In September 2013 Merkel will seek the German public's endorsement for her future design in the Federal Election. The German Constitution deliberately does not provide for referenda. Also new Bundestag legislation covers even simplified amendments to the European Treaties making it harder to adjust the Treaties, for the most part suggested by their Constitutional Court. This all makes the European convention route of negotiating more attractive in Berlin. In London too the European Act 2011 will be used to block any amendments not fully acceptable through referenda and a broader intergovernmental negotiation has its merits.

The implications of all this for the Labour Party are profound, particularly given Tony Blair’s support for most of the EU integration of the last decade. Labour leaders would be wise to start out on an in-depth discussion within their party to align themselves more closely with British public opinion on Europe and decide with their grass roots membership whether to opt for the wider or the inner Europe. There are strong political arguments for Labour not allowing themselves to be just dragged along by public opinion close to the General Election in a desperate bid to halt the Conservative Party attracting more votes. In 2012 there is no better guiding speech for Labour than that of Hugh Gaitskell, their then leader, at Labour’s Party Conference in 1962. A federal Europe he said, ‘may well be the answer to their problems. It is not necessarily the answer to ours.’ The British choice that Gaitskell saw as possible, in the then Common Market, has, because of the Eurozone, become a reality. It was a prescient speech of a leader who understood the limits of the European project and yet he was a true internationalist. Albeit, he was a sentimentalist about the Commonwealth, but better that way than a cynic. For still today the Commonwealth connection is one of Britain’s arguments for retaining permanent membership of the Security Council.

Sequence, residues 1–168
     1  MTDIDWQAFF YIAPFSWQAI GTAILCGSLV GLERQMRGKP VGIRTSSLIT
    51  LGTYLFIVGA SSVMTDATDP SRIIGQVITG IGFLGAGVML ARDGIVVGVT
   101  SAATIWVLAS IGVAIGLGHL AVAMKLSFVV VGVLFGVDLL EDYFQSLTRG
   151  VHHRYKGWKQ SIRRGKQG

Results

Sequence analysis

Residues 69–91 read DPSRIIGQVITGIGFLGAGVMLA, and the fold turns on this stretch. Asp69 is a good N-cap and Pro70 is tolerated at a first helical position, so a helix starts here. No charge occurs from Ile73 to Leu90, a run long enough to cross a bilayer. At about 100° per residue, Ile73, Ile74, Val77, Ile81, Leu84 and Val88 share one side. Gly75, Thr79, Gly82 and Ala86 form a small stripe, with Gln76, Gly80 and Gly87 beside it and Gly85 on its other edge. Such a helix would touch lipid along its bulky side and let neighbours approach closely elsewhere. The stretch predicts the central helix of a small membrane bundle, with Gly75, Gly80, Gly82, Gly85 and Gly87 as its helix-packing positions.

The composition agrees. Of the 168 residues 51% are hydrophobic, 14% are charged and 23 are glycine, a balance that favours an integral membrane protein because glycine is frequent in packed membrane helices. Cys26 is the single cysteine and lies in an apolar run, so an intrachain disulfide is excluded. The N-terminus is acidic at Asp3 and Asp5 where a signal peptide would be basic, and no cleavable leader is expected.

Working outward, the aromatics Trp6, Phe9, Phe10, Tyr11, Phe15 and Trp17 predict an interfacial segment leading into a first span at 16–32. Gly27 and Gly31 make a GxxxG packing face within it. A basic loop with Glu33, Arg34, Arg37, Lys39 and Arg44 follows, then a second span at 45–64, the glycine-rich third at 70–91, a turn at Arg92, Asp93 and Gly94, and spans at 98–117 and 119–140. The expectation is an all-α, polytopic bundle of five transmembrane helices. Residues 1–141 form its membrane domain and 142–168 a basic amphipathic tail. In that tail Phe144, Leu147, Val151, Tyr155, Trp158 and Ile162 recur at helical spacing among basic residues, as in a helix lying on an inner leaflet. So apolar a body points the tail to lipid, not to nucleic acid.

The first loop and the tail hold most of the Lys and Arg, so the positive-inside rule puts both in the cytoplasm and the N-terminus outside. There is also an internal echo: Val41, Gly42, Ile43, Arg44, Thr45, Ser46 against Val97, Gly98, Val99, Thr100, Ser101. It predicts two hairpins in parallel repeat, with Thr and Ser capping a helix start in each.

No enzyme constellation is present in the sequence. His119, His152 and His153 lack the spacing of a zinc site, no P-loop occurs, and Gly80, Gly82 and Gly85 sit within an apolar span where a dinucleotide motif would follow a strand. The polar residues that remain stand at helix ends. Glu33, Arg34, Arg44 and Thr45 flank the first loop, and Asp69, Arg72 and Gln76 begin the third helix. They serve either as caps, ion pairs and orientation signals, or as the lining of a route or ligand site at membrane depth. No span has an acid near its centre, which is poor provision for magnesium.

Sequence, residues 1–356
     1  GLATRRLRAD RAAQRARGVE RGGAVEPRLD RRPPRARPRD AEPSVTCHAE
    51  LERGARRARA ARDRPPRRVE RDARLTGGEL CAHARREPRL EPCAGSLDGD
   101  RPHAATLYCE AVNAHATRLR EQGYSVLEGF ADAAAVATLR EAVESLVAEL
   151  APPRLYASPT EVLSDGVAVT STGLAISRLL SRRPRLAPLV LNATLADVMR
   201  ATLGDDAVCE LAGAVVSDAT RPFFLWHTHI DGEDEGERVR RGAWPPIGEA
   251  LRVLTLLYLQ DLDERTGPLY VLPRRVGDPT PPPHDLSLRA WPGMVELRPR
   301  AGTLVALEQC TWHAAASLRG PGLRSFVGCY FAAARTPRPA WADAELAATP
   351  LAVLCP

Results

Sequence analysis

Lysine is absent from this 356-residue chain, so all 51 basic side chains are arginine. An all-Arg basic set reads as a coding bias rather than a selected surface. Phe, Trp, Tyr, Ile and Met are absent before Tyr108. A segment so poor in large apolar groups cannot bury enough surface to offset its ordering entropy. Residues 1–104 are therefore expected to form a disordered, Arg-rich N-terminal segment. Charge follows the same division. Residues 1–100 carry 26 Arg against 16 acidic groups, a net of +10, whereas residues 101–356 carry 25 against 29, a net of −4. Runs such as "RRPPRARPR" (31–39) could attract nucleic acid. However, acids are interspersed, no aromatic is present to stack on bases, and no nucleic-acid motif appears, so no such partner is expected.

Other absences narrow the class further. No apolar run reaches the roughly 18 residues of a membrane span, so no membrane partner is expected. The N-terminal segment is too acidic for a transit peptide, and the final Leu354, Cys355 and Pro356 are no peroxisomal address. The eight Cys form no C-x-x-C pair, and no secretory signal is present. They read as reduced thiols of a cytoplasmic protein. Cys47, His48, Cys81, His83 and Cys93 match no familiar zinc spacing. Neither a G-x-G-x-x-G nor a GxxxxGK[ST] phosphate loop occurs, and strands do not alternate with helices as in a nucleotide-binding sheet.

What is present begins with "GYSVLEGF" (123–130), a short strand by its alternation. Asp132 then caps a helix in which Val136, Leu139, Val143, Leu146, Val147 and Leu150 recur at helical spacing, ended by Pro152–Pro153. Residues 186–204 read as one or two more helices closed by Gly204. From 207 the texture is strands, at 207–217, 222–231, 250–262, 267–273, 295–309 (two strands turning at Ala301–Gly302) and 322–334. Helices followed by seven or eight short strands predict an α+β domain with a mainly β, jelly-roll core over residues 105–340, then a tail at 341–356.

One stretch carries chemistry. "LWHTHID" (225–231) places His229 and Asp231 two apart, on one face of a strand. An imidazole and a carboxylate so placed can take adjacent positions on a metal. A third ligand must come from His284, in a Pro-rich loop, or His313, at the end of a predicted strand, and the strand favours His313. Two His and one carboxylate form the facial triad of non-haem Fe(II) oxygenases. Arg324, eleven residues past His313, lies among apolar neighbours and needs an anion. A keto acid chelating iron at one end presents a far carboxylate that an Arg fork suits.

Any UK political party that ignores the rapidly emerging challenge in Europe is putting its head in the sand. It is appropriate to make this speech here in Peterhouse for this European reality has been accepted by Brendan Simms, a fellow of this college and Professor in the History of European International Relations in a recent article ‘Towards a mighty union: how to create a democratic European superpower.’ Appearing in the January edition of International Affairs, he wants to create a more perfect union modelled on that which the Americans did after the War of Independence. That design has much intrinsic merit. But the structure of a USE will probably turn out to be a mixture of Merkel, Reding and Simms.

I am starting to believe that a German-led USE will come about even if it is rejected in a referendum in France or Holland or Italy. Certainly it will not be stopped if less than two thirds of the member states opt for a USE for this threshold suggested by Reding will be dropped if it looks like preventing a USE emerging. That is the way the European elite have always proceeded and they are not about to be thwarted.

The complete collapse of the eurozone would have stopped a USE but that now looks unlikely to be allowed to happen firstly by Germany but also by the rest of the world, particularly the USA, fearing the effect of a collapse for their own economies. Not all the present eurozone members may stay within the eurozone but a substantial core is set to survive, though in a very different structure, with tough austerity and supervision programmes attached. Those austerity packages may be off-putting to some countries who had expected a slower pathway to eurozone membership and a few countries may, even in the eurozone, find the undemocratic nature of some of what is likely to emerge on the fiscal and economic side so difficult to live with that they will opt for the wider single market European Community and reject a USE. Some EU countries economies may be too weak to be offered USE membership even if they are still members of the eurozone but that issue will play out during the design period from now until 2015-16. One side effect of transformation will be that the traumas of the 2013 five-year EU budget negotiations will largely be avoided since any arrangements will be seen to be temporary for this period. During the transition opt outs from the existing EU may start and be helpful for those who have decided not to join the USE.